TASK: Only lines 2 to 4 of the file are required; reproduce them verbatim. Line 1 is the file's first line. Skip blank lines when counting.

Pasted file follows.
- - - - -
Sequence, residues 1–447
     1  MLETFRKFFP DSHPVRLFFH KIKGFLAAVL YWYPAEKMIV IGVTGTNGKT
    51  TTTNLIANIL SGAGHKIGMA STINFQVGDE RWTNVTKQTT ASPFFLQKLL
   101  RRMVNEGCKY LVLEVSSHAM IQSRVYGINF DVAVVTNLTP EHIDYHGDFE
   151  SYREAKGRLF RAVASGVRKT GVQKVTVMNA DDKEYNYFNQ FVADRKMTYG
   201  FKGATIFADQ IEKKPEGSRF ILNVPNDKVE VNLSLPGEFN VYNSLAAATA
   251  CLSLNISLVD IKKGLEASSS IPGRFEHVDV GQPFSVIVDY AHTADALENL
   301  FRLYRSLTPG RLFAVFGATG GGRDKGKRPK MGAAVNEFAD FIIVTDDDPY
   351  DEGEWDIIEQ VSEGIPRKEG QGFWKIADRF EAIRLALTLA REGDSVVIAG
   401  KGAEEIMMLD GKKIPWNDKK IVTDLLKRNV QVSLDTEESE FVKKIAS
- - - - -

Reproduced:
     1  MLETFRKFFP DSHPVRLFFH KIKGFLAAVL YWYPAEKMIV IGVTGTNGKT
    51  TTTNLIANIL SGAGHKIGMA STINFQVGDE RWTNVTKQTT ASPFFLQKLL
   101  RRMVNEGCKY LVLEVSSHAM IQSRVYGINF DVAVVTNLTP EHIDYHGDFE